Further to my last post, and in the absence of any reply I have constructed a 5v "Emitter Follower" circuit powered by a 12v to 5v dc to dc pcb isolated power supply {XP Power 1K 1205SA}. The emitter load resistor is 1k ohm and the transistor is a BC 548BU. It appears to be working correctly when connecting the "base" between the +5v rail and the -5v rail the output across the emitter resistor follows the input as expected. Again, with the base connection disconnected altogether, there is zero volts output as expected.

As yet, I haven't tried it out as a "current power booster" between the NMEA output from my NASA Sender {Clipper Wind} and the NMEA input port on the MUX.

Since the 5v supply is totally isolated from the ship's battery, is there any reason why this emitter follower cannot be directly (dc) connected between the the NMEA sender and your MUX? I'm just a bit nervous as I don't want to damage any of the NMEA input ports to the MUX.

An early reply would be very much appreciated. Thanks.

Kind regards,

Keith[/i]
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OldSalt
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PostPosted: Fri Mar 25, 2016 7:15 pm    Post subject: Tried the Emmitter Follower ~ It Works fine! Reply with quote

Hi Frank,

In the absence of a reply to my previous posts, I thought you may be interested to know that I decided to give my 4-channel emitter follower power amplifier a trial to boost the input to the Mux from my "NASA Marine" NMEA Senders.

I have used 3 emitter followers {channels}, one for each of the Wind, Compass & A.I.S. NMEA Senders. I am pleased to report that they now all work perfectly with no sentence errors noted after a 3 hour test using "check-sum" validation.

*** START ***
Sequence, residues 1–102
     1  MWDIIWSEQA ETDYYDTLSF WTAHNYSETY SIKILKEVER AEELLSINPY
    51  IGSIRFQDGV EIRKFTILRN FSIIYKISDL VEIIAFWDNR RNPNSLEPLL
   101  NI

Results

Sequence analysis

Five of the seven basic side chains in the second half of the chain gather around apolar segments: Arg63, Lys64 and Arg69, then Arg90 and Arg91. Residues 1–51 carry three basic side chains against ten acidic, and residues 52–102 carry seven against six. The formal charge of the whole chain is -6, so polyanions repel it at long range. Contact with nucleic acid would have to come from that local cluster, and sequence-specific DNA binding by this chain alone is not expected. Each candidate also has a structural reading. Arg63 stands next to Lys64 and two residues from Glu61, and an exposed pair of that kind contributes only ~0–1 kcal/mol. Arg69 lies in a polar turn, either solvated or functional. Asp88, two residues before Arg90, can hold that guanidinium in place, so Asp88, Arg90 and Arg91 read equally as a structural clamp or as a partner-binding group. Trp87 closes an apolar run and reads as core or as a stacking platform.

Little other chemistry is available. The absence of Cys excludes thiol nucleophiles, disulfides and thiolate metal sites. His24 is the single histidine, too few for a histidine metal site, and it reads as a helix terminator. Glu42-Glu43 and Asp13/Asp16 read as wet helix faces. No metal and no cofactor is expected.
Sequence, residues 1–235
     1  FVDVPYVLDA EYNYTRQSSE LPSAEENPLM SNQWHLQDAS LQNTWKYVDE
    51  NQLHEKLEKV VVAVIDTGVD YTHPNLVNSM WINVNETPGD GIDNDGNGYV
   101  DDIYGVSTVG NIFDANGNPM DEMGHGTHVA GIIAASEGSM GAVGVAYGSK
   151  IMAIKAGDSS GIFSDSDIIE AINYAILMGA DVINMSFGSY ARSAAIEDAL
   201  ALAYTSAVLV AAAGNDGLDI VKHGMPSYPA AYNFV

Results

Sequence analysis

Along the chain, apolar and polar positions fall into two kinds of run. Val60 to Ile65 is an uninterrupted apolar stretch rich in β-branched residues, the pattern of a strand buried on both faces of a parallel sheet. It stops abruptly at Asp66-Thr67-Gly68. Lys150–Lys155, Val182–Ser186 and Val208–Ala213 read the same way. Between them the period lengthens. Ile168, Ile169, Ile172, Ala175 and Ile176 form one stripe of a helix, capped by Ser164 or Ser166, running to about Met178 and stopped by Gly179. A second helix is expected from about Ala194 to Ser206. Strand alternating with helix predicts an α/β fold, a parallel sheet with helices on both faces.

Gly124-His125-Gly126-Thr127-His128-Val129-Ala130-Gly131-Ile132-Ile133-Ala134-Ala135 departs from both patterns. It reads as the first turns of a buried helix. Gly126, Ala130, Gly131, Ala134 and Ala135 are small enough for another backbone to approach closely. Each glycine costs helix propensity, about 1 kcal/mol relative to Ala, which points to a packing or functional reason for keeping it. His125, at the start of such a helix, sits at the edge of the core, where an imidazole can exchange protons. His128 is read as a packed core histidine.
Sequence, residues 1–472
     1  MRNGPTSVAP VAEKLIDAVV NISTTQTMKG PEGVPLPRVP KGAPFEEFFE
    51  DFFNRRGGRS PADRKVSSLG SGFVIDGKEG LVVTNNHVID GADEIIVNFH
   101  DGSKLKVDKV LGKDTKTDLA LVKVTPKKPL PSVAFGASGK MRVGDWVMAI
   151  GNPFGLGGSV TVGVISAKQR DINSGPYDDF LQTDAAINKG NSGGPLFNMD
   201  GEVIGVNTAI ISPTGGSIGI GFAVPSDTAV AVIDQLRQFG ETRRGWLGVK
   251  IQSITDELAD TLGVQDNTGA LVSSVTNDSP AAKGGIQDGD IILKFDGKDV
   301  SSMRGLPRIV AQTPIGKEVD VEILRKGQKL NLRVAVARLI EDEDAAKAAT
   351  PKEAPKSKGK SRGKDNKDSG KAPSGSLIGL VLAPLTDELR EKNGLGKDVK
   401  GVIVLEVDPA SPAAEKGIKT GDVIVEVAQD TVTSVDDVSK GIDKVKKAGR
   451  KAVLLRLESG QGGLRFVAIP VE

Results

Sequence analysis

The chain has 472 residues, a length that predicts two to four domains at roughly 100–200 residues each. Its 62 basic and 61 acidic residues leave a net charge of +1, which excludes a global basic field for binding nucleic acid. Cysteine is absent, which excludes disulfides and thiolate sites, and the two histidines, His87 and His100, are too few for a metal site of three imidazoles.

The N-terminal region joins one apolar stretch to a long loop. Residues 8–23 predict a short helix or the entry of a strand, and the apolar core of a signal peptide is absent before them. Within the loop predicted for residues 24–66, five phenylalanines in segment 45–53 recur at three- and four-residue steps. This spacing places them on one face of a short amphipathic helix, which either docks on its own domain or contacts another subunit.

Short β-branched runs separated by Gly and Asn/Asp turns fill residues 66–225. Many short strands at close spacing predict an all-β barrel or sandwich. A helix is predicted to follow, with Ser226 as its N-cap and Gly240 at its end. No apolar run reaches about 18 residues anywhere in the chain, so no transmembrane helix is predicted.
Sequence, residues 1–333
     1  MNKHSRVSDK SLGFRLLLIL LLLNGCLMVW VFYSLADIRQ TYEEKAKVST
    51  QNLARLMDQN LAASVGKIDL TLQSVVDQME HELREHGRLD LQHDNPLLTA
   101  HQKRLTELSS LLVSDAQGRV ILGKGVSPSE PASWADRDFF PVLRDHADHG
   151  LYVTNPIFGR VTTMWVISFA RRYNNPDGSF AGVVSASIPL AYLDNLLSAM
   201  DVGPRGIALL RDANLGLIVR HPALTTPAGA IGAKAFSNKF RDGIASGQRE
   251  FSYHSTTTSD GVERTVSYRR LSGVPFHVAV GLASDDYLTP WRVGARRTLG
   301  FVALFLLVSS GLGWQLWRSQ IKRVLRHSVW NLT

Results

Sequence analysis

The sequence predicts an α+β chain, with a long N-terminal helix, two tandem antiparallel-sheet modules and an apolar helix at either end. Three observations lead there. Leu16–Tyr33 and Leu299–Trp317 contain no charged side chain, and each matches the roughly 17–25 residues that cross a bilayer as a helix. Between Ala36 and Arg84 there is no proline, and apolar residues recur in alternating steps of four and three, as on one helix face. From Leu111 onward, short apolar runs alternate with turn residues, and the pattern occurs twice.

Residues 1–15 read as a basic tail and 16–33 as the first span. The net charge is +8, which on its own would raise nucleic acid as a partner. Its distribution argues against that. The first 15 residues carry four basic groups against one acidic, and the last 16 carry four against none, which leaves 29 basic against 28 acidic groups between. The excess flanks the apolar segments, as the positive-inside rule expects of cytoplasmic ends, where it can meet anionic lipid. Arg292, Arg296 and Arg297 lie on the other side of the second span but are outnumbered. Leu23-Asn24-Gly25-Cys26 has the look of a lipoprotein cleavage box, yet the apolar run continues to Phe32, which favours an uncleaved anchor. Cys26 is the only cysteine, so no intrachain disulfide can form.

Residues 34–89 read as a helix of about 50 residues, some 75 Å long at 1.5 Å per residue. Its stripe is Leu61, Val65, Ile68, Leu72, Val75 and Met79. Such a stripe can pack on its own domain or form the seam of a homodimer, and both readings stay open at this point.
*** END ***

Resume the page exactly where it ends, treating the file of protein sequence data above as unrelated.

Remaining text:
Conclusion:- The NASA Marine NMEA Senders do not deliver sufficient current output to drive the "NMEA Multiplexer with SeaTalk I/O". The simple addition of an emitter follower current gain amplifier corrects the problem.

As I have said previously, The "SeaTalk" and "Garmin GPS" work perfectly without any input modification. I don't know if any other manufacturer's NMEA 0183 AIS, Compass & Wind instruments also suffer from low current, high impedance outputs. If so, my solution may be appropriate for other senders as well!

Kind regards,

Keith
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FWallenwein
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Joined: Mar 26, 2006
Posts: 419
Location: Mannheim / Germany

PostPosted: Fri Apr 01, 2016 11:54 am    Post subject: Reply with quote

Hello OldSalt,
sorry for not replying to your posting. I must admit, I simply overlooked it.
Unfortunately I don't get a mail, when a new topic is opened in this forum.
So I look at it now and than - but I did not see you postings. Sorry again.

Regarding your solution for NASA Marine NMEA Senders.
We had that problem with TackTick NMEA interfaces as well and other users posted two different solutions

See: Anschluß NMEA Interface Tacktick.
This thread starts in german, but from the third posting on we switched to english. ( Just changed the title )

Would you provide a circuit diagram for the solution you found ?
I'm sure this would be helpful for other users as well.


Thank you for posting,
Frank